– They also showed that even though the temperature in the Norwegian Sea is relatively low, the pressure in the pipeline is not very high, which means that the amount of hydrate formed is not so big. Hydrates formed at the Berling field are unlikely to «solidify» and plug the pipes. Instead, they become «movable», so that the oil mixture can still pass through the pipe without any problems," says Martin Fossen.

Less emissions, less materials and lower energy consumption

– SINTEF's research has shown that our theoretical models are too conservative and that it is not necessary to install heating cables out to the field, says Jan Kåre Risbakken, senior production engineer at OMV.

– When we start up the wells and pipeline after a longer production stop, the line will have a very low temperature. With SINTEF's studies, we confirmed that we could get out of the «hydrate zone» by lowering the pressure as far down as Åsgard B allows, while pumping methanol into the pipeline and carefully starting up the wells, he explains.

The decision will not only give OMV financial savings, it will also help reduce their CO2 footprint.

– This will result in lower emissions in conjunction with the installation, less amount of materials and lower energy consumption during the development of the field. Our calculations show that the field now will emit significantly less CO2 than a pipeline that needs heating cables, says Luca Garzonio.

Map that shows the location of the Berling field
The Berling field is located 175 km from the mainland in the Norwegian Sea and will be tied to the Åsgard B platform.

Positive effects for the Norwegian continental shelf

SINTEF has done research on gas hydrates for oil companies all over the world for more than 30 years. The research has had a direct impact on decisions that have resulted in safer production, and major cost savings for companies – in addition to important contributions to the environment. Several of SINTEF's research projects have been funded by the Research Council of Norway. An ongoing project led by SINTEF at the Multiphase Flow Laboratory at Tiller is "New Hydrate Management".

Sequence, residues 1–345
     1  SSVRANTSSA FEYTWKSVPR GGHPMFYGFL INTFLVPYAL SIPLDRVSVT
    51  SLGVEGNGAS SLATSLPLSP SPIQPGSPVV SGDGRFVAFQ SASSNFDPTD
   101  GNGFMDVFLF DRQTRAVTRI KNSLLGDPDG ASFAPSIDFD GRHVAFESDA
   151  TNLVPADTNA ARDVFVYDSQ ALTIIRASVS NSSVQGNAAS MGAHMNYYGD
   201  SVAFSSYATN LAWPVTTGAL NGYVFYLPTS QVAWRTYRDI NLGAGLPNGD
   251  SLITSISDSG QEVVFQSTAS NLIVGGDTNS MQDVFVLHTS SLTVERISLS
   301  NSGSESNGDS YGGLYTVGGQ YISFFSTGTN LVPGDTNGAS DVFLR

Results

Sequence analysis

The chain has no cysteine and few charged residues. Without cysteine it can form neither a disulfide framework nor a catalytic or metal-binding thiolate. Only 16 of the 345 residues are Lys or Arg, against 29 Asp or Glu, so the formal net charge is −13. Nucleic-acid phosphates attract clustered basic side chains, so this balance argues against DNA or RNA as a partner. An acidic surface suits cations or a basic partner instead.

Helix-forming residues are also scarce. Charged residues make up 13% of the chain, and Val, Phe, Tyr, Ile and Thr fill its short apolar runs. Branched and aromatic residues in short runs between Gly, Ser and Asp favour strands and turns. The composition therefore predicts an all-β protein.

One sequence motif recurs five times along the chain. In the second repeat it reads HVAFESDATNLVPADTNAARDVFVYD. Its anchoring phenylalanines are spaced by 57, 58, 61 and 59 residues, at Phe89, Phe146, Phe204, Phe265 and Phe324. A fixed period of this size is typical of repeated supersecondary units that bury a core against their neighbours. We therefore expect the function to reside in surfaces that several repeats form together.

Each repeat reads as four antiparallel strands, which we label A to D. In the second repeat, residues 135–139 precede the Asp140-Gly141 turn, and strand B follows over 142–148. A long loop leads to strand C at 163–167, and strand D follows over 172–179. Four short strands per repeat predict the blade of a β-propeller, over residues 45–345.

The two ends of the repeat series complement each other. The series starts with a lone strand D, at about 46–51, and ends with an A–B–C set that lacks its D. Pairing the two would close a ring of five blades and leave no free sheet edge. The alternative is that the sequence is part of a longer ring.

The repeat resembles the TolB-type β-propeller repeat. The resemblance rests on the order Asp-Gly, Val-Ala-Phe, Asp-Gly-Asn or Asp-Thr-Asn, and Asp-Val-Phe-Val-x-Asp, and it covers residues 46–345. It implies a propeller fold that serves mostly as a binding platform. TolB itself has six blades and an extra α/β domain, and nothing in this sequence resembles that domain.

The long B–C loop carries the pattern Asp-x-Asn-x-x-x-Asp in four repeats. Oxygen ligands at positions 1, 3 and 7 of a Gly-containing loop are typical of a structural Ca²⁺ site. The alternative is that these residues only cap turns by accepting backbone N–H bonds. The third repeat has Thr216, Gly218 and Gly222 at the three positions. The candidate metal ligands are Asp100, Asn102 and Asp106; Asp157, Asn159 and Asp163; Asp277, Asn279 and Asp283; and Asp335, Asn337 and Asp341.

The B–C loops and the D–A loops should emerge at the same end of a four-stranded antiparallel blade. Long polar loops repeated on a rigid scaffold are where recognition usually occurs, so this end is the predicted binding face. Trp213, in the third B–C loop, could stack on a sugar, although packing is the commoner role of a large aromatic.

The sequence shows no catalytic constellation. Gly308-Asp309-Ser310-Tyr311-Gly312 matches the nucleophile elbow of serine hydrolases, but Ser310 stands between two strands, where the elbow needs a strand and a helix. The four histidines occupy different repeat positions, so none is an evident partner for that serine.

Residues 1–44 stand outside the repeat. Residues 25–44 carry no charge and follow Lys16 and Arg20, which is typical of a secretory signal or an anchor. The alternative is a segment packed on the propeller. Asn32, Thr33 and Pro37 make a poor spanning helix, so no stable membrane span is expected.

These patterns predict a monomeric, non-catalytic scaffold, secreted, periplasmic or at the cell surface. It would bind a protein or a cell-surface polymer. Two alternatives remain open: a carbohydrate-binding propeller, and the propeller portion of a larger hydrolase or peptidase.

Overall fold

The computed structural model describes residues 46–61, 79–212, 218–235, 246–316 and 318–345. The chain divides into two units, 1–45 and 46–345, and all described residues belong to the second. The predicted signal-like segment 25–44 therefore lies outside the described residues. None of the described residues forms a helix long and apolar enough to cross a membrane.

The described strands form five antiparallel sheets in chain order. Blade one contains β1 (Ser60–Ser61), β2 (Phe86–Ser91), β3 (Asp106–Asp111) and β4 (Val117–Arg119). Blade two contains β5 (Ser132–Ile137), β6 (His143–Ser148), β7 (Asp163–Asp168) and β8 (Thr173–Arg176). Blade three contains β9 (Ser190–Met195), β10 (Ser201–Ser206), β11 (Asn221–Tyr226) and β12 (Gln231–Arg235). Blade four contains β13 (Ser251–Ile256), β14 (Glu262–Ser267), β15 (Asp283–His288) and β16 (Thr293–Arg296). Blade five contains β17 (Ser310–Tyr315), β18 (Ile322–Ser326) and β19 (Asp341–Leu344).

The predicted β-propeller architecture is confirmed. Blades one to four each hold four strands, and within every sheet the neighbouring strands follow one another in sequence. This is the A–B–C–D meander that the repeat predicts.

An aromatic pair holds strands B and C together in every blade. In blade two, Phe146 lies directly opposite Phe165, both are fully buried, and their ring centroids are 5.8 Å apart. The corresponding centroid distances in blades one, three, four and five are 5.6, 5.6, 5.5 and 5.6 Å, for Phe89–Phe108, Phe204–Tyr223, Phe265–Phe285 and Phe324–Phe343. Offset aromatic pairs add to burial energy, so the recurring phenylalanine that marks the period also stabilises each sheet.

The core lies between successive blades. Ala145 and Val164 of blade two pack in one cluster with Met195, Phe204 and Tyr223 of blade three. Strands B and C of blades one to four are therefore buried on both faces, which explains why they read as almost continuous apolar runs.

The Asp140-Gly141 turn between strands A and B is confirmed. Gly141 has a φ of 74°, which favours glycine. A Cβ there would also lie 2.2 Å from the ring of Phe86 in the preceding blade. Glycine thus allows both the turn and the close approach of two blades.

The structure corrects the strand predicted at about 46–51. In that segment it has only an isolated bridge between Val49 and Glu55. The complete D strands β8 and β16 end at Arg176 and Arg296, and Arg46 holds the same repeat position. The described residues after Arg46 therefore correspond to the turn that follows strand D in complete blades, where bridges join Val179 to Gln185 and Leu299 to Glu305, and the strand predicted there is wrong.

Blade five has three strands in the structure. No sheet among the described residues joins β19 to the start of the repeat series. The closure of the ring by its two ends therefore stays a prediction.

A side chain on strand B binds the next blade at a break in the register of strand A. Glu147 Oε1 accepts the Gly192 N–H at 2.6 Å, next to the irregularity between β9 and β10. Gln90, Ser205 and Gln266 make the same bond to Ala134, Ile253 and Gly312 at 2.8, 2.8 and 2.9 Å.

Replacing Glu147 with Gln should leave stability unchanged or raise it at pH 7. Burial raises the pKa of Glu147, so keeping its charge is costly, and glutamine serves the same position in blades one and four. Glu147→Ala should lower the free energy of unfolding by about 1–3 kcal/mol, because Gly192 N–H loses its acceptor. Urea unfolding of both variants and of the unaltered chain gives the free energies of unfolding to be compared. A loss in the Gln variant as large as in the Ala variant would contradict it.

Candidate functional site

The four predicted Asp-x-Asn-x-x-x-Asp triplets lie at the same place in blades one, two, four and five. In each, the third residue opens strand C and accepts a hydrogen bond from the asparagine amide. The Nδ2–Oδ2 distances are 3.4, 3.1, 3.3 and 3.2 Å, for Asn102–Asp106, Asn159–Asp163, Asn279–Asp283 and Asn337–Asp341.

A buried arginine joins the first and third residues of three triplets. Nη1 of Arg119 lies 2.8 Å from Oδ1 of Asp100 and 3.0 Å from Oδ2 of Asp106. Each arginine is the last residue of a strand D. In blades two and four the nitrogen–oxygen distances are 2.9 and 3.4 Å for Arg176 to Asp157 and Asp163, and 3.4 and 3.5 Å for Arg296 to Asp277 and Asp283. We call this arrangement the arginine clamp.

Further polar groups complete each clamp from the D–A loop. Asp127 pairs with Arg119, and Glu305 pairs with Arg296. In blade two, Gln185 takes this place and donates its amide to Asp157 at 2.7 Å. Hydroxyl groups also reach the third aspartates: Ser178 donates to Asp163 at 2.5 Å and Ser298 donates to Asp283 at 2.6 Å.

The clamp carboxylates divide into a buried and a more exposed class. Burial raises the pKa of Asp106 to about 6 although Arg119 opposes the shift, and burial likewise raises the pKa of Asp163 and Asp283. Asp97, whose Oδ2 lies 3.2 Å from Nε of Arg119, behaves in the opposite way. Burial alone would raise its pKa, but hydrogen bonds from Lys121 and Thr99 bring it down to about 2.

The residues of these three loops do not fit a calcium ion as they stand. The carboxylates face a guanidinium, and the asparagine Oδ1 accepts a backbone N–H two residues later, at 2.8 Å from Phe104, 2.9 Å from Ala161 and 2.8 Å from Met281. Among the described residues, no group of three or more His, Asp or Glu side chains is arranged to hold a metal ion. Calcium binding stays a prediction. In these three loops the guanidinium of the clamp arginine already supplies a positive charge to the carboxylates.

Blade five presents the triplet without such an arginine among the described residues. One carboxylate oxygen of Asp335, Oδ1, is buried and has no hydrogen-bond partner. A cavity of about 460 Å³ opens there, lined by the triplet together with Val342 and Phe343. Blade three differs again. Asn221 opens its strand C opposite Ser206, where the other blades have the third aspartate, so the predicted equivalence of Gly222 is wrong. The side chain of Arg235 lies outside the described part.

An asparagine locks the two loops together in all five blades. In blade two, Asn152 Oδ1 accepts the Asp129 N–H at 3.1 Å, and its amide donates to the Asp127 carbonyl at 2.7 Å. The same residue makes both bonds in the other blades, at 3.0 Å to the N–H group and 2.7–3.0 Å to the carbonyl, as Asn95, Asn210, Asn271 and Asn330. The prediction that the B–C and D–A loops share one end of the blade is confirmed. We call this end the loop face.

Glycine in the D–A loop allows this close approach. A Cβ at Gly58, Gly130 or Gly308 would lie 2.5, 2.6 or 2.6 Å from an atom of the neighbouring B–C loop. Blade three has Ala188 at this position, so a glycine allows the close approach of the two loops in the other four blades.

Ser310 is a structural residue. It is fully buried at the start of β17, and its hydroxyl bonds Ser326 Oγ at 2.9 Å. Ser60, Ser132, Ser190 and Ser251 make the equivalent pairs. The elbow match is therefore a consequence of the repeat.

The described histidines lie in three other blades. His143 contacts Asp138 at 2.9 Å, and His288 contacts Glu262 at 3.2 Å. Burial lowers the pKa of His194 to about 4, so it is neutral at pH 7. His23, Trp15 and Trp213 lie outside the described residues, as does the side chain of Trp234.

The knowledge SINTEF now has obtained for OMV can have effects far beyond the Berling field. If other companies can make the same assessment, based on research from SINTEF, existing and new fields can be developed in a more efficient and cost-saving way, without compromising safety.

– Hydrate formation should be looked at for each field, in relation to the risk and costs of accepting hydrate formation, if the production is shut down for a period, says Martin Fossen.

Gasshydrater er dessuten en av teknologiene som kan brukes til å fange CO2, gi effektiv kjøling og til vannrensing. Dette viser at utfordringer og løsninger for oljeindustrien gir kunnskap som kan overføres til nye miljøvennlige teknologier.

Gas hydrates are also one of the technologies that can be used to capture CO2, provide efficient cooling and for water purification. This shows that challenges and solutions for the oil industry provide knowledge that can be transferred to new environmentally friendly technologies.